Lucas Jackson/Reuters

The controversial campaign of U.S. drone strikes has been intensely focused on small northern Pakistani communities near the Afghan border.

Throughout this week, CityLab is running a series on borders—both real and imagined—and what draws so many of us to places on the edge.

This week at CityLab, many of my colleagues have written about the numerous ways borders shape the lives of those alongside them. But a border’s force on people is always relative. For those with more power than the group attempting to enact the imagined division, a border is nothing more than a line on a map.

President Obama’s controversial “drone war” in Pakistan illustrates the weakness of a border lacking any significant political capacity to enforce it. Though the Pakistani high court has ruled against these drone strikes and the Pakistani public is vehemently against them, since 2009 the Obama administration has repeatedly crossed the Afghan border line to target alleged terrorists in Pakistan. UN officials have said these cross-border actions violate Pakistani sovereignty, and human rights groups like Amnesty International condemn many of the strikes as war crimes. According to data from the U.K.-based Bureau of Investigative Journalism, the strikes killed 424 to 966 civilians from 2004 to 2016.

Most of the U.S. drone bombings in Pakistan have taken place in the semi-autonomous tribal regions of Northwest Pakistan, where the American military believes Al Qaeda, Taliban, and other terrorist groups have sought refuge. To visualize the concentration of bombings along the Pakistani-Afghan border, CityLab took data from the Bureau of Investigative Journalism, which compiled all American drone bombings that could be geolocated in Pakistan between 2004 to 2013. In the time lapse map below, you can see how the bombings began during George W. Bush’s administration, accelerated with the entrance of President Obama into office in 2009, peaked in mid-2010, and have declined more recently. The thicker line running diagonally through the middle of map is the Afghan-Pakistani border:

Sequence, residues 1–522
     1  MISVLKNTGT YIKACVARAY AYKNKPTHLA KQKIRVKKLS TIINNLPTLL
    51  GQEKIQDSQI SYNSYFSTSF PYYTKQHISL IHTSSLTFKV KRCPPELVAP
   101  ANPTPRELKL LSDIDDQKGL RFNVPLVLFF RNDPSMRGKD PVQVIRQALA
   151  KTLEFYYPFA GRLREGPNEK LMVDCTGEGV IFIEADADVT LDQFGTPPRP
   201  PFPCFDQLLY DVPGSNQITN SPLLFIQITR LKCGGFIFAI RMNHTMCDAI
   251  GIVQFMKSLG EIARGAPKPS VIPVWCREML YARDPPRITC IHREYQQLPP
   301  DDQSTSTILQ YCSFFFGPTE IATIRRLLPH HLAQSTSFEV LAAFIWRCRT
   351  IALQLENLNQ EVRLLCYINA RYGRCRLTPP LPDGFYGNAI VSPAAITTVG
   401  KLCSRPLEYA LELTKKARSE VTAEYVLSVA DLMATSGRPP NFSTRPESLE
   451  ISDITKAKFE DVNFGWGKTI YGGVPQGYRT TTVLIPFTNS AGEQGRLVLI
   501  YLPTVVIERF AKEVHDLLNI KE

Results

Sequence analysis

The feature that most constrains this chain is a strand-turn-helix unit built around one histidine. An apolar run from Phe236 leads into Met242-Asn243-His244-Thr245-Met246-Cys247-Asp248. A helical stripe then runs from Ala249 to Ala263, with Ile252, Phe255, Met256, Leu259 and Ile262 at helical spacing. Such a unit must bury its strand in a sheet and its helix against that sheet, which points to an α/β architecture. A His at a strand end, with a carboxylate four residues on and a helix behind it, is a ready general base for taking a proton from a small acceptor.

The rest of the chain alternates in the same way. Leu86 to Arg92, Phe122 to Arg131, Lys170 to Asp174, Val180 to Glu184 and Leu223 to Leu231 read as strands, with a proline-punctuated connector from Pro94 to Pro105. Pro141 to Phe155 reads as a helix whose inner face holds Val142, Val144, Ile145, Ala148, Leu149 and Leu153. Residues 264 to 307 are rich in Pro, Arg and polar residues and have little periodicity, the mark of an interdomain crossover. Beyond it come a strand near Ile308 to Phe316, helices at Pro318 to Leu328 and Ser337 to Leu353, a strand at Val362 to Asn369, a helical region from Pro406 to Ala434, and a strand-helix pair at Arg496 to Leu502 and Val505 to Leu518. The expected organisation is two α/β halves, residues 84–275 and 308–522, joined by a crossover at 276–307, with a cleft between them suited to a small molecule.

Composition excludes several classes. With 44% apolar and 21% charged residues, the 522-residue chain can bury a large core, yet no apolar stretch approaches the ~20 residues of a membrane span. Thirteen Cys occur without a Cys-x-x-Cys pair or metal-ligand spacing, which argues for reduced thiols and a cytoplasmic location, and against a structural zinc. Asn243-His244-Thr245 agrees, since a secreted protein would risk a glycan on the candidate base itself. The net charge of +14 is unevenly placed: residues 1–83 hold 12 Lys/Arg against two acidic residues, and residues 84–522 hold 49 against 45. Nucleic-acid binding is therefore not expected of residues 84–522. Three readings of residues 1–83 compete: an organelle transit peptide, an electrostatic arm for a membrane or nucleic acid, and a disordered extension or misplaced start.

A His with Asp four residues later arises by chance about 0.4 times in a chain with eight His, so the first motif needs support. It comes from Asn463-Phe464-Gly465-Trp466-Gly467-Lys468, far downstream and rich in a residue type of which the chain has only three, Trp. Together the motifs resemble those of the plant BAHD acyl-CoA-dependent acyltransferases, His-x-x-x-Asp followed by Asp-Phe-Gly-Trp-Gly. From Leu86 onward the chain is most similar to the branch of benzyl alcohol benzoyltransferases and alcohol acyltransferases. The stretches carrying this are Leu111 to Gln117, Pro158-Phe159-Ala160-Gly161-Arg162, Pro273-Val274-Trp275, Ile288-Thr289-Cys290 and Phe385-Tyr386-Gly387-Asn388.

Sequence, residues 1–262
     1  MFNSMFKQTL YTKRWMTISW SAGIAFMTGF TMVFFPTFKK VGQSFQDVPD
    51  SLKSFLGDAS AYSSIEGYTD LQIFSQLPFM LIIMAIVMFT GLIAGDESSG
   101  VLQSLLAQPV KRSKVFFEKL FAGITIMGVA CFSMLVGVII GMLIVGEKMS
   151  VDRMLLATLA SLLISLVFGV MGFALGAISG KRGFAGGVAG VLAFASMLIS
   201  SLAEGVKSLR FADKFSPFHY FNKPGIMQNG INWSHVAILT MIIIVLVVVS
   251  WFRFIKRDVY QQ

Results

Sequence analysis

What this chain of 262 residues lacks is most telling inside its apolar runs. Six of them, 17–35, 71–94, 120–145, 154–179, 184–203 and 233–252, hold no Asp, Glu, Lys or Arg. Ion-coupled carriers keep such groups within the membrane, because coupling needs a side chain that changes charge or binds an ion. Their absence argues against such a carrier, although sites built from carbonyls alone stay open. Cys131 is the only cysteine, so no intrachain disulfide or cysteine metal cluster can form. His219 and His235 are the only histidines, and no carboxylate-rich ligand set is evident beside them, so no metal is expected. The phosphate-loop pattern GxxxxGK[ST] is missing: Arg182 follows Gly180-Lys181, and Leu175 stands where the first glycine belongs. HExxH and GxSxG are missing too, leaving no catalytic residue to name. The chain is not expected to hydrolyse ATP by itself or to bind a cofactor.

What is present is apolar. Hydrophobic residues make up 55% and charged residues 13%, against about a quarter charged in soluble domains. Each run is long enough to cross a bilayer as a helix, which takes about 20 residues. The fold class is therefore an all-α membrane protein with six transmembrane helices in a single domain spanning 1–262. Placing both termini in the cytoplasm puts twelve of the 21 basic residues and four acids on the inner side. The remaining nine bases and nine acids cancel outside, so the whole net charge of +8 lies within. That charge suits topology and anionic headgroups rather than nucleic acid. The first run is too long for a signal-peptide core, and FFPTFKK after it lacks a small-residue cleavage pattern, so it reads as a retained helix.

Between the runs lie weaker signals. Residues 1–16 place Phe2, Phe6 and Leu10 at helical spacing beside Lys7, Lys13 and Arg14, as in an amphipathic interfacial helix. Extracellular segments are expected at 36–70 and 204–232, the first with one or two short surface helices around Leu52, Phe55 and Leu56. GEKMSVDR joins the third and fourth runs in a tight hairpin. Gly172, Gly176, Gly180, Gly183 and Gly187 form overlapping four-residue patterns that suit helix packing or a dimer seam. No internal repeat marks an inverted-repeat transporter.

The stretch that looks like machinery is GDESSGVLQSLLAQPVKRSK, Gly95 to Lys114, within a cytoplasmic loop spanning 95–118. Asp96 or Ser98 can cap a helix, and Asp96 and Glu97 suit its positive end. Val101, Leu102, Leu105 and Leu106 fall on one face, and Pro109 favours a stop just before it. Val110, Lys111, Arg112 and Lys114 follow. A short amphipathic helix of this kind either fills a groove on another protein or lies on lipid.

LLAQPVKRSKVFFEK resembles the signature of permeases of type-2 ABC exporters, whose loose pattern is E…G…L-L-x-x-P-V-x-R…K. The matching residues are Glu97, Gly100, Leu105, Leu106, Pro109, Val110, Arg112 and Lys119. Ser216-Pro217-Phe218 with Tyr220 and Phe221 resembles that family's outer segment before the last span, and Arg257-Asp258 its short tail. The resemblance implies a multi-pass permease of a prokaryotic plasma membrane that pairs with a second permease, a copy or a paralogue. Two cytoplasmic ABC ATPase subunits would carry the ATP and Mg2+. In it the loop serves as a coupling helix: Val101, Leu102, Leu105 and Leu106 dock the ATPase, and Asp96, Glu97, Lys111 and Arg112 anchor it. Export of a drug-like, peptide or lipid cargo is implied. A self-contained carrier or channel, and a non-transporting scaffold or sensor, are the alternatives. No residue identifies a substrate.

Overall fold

In the map below, you can see all the drone strikes that could be precisely geo-located that resulted in civilian killings. Dots are sized by the maximum amount of reported civilians killed; they represent a total of 416 to 957 civilian deaths from 2004 to 2013. Click on each drone strike to see the number killed, total killed, total injured, the number of missiles fired, the town targeted, and the date of the strike.



As you can see, zooming out farther, these strikes are quite concentrated, mostly confined to North West Pakistan’s Federally Administered Tribal Areas, especially in the Pashtun regions of North and South Waziristan.

The effectiveness and legitimacy of these strikes is a hotly disputed topic. While the bombing campaign has likely seriously weakened terrorist networks and taken out key militant leaders, the cross-border killings of civilians has also contributed to the rise of anti-American sentiments among the population. According to a 2012 NYU and Stanford Law School report, many Pakistanis in this area assume the U.S. actively seeks to kill them solely for being Muslims. The strikes have profoundly affected daily life in this remote territory, which faces one of the highest poverty rates in the world. Residents report fear of engaging in social activities like weddings or funerals, since large groups of people may draw military attention.

As many critics have observed in these last days of the Obama Administration, the drone war could be one of President Obama’s most enduring legacies. Though the strikes have significantly decreased over the last two years, the institutionalization of this practice makes clear that the border itself guarantees no protection for those living on either its Afghan or Pakistani side.

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